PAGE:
On the next call I was told to email the listing information to an address they provided to me. But looking over the email address I was rather stunned. It made very clear it was not for the Dutch, but rather was for the Libyan government.
Midway through the phone call I asked, “Who specifically will be residing in the townhouse?” There was a pause on the other end of the line. Then I was told the truth. This was for Muammar Abu Minyar al-Gaddafi, the leader of Libya.
I am probably somewhat unique among real estate agents in that my background is in policy and politics. When not selling apartments I can be found lecturing at John Jay College. Before getting into real estate, I obtained my masters degree from the School of International and Public Affairs at Columbia University. While I’m content discussing Manhattan apartment prices, I’m just as happy to discuss US foreign policy.
The Libyans had called the wrong person. And now they were about to find out why.
“There must be someway we could get the entire townhouse,” the caller, a female with the Libyan government, said to me. I told them there was not. Ignoring my response, she continued. I refused to yield. One more time, defiantly, they pressed me.
And then I said it.
“If you send Megrahi (the terrorist convicted of planting the bomb on Pam Am flight 103) back to Scotland, perhaps we can work something out,” I told them. They hung up the phone.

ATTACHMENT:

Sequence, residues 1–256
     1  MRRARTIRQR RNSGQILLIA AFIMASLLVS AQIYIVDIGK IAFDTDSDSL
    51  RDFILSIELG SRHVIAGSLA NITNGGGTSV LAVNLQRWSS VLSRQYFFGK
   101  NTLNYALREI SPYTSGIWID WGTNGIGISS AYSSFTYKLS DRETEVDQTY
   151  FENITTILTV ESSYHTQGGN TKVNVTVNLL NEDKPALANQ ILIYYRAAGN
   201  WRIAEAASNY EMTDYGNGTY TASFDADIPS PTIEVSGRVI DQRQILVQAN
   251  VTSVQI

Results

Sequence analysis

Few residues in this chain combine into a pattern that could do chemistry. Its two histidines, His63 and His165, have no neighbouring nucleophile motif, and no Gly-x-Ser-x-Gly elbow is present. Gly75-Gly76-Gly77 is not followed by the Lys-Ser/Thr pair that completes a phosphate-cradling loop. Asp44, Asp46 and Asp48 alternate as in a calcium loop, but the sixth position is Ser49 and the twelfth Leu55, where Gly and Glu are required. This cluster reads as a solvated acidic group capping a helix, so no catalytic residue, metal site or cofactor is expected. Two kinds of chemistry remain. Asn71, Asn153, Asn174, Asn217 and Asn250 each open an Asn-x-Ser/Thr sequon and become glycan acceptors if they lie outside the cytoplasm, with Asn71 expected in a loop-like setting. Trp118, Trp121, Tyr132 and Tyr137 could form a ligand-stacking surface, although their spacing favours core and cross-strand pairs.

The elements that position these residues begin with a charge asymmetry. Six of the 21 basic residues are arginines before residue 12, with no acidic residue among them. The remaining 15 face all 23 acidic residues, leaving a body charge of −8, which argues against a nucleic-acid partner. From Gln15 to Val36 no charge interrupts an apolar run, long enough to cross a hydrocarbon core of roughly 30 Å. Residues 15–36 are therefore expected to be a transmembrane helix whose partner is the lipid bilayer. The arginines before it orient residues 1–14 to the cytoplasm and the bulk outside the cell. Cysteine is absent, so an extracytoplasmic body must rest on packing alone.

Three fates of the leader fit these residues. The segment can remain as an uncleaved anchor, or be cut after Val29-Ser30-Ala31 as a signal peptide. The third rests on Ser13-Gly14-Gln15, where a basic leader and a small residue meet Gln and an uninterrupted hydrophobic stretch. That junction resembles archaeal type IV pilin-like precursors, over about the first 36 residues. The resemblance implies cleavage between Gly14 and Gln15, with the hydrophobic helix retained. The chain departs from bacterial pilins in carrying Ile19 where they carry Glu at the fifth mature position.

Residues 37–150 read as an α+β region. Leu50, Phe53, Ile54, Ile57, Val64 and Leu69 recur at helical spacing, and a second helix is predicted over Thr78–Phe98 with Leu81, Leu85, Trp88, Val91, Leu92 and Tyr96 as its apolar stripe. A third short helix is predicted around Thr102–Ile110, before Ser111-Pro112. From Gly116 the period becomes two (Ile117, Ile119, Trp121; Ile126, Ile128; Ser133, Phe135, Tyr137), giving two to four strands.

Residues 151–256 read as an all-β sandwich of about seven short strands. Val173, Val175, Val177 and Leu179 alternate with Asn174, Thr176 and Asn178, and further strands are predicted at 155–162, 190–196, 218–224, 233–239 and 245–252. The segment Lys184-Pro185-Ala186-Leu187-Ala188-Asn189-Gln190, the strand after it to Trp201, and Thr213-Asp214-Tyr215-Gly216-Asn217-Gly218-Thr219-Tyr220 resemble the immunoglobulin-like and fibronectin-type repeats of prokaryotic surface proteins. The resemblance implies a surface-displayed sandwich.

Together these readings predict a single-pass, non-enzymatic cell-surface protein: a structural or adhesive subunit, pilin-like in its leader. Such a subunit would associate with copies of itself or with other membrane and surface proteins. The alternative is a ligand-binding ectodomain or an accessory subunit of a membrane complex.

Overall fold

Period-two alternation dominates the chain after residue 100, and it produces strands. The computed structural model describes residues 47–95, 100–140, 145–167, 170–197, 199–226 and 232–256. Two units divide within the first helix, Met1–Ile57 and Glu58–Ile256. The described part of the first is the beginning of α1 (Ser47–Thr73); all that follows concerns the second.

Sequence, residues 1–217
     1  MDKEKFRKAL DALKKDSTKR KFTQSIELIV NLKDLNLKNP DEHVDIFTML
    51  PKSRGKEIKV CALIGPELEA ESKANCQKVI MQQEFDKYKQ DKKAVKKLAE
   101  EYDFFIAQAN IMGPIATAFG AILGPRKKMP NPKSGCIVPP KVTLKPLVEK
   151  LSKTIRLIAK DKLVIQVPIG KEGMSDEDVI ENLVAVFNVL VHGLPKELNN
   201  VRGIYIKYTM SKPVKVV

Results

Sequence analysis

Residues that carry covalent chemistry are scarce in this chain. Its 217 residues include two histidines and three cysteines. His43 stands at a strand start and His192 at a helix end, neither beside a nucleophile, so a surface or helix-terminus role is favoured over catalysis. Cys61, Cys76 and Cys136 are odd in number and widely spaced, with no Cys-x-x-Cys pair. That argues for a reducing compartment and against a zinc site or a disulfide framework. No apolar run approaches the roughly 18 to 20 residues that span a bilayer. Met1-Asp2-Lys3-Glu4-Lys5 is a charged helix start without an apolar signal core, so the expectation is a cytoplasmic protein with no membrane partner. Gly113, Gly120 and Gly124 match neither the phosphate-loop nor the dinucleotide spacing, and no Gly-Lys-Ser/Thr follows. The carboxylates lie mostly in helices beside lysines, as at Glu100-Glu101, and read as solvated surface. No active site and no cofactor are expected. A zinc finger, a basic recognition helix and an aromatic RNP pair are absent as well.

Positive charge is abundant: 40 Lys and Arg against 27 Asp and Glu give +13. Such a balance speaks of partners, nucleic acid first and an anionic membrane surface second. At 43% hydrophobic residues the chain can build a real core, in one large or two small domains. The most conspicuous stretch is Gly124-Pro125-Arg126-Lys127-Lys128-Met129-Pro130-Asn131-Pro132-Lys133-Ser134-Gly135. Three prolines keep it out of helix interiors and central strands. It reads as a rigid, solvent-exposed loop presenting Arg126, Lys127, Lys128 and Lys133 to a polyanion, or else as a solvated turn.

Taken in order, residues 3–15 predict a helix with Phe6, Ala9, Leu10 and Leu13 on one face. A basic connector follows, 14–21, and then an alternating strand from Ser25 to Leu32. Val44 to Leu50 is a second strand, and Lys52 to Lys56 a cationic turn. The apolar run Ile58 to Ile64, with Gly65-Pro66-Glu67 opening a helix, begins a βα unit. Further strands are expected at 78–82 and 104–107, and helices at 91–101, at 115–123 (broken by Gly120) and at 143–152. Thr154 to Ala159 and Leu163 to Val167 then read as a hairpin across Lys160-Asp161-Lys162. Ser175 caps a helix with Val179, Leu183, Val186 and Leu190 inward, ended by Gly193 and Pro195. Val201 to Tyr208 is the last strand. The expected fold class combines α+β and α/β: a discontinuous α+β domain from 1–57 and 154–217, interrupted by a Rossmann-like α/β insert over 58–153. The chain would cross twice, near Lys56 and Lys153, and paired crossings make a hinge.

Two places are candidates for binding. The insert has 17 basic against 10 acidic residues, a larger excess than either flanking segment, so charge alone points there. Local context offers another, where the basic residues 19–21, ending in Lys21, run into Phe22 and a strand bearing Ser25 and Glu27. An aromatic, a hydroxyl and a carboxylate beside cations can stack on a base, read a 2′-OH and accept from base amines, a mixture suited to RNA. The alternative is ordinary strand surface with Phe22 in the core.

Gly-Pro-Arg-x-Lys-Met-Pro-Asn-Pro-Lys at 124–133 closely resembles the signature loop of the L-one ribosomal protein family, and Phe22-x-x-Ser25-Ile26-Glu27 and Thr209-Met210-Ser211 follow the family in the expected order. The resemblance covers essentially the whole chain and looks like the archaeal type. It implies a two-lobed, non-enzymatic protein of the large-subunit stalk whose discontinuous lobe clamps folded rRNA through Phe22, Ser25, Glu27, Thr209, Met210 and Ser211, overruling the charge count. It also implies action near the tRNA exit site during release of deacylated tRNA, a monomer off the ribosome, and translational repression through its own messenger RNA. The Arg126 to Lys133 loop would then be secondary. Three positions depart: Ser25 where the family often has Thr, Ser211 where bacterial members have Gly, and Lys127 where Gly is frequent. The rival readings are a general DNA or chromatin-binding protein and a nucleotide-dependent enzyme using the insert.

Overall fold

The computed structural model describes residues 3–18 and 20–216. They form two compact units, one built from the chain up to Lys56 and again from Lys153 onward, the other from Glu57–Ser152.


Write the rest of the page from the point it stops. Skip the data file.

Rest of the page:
But once the media requests died down, I was left thinking about my experience. Thousands of people had emailed me to thank me for what I did. I realized that I had made an impact on people’s lives. It was the first time I thought that real estate brokerage could have a larger meaning and purpose.
I started to think about ways to make a difference. A few months later, my brother Cory and I were hard at work on a new project.
We decided we would create a new kind of real estate firm. One that would not only serve the clients but also work to make the world a better place.
We started to work on Rubicon Property and decided this would be a purposeful company. Cory and I wanted to dedicate the company to an issue that met three criteria:
1. It has to have universial political appeal.
2. It had to be a fixable problem.
3. The success in curing the problem needed to be measurable.
When you scan the many issues we could have chosen, one stood out: clean water. Each year 42,000 people die from lack of access to clean water. That’s means more die from lack of access to clean water than from HIV/AIDS, Malaria and war – combined. Connecting with charity: water was the easy part. This nonprofit is doing remarkable work in the developing world. They’ve brought clean water to over 1,000,000 without access to it. They are making a difference. So we decided that from each deal we broker we would donate a portion of our proceeds to this worthy organization. You can read about our latest campaign – or make a tax free donation to it here. We also hold events on the clean water crisis. On February 15th, we brought together over 100 people who heard a presentation by charity: water. You can see images from that event here.